Ofcom has announced a plan to simplify the ways outside networks access BT's lines and equipment, with the hope that it'll lead to more full-fibre connections hooked into the UK's homes and workplaces.
The scheme will let BT's competitors access its ducts and poles as previously announced, with an emphasis on building rival networks capable of delivering the "full-fibre" internets of the distant future that can exist alongside the country's ageing copper network.
The basic idea is to encourage competition to build lines, which ought to be good news for people living in any of BT's superfast coverage notspots. Meanwhile, additional changes to BT's cost recovery processes should ensure it's not left shouldering the entire cost of repairing these shared ducts in the future.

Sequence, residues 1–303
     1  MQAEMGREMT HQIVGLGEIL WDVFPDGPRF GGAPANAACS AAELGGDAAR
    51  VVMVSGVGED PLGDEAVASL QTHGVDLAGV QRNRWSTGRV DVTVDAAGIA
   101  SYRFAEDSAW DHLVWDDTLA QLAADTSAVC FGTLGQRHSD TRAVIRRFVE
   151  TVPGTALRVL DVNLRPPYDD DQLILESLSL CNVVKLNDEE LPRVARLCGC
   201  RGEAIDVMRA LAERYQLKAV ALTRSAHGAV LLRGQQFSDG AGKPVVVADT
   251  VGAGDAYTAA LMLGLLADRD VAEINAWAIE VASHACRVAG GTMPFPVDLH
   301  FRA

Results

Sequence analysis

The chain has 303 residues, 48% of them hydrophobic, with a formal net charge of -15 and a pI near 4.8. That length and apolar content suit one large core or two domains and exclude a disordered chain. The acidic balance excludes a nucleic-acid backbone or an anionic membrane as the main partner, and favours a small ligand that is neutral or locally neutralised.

Ofcom's Yih-Choung Teh, the regulator's competition policy director, said: "Today we’re explaining how access to BT’s tunnels and poles could be improved, allowing other providers to connect ultrafast, fibre broadband directly to UK homes and offices. Our plans will give providers increased confidence to invest in their own full-fibre networks at reduced cost." [Ofcom]